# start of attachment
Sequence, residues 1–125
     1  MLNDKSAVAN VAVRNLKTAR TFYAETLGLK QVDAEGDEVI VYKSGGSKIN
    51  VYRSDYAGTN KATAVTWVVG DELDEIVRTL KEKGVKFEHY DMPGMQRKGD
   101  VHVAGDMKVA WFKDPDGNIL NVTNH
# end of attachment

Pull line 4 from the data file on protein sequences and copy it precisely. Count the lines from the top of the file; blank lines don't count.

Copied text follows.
   101  VHVAGDMKVA WFKDPDGNIL NVTNH